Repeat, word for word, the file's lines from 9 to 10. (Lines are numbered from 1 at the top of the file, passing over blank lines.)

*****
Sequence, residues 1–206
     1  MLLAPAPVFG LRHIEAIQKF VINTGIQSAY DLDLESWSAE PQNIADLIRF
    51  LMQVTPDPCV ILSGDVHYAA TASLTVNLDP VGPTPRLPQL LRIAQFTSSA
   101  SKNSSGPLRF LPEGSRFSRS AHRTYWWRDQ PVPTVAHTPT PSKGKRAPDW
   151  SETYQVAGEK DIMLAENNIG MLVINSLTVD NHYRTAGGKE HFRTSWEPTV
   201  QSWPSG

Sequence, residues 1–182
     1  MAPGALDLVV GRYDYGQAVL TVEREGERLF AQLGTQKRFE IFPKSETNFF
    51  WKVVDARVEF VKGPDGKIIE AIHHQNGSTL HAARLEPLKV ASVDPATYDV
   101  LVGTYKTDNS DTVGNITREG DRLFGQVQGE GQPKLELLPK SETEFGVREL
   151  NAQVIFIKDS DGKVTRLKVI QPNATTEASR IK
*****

    51  WKVVDARVEF VKGPDGKIIE AIHHQNGSTL HAARLEPLKV ASVDPATYDV
   101  LVGTYKTDNS DTVGNITREG DRLFGQVQGE GQPKLELLPK SETEFGVREL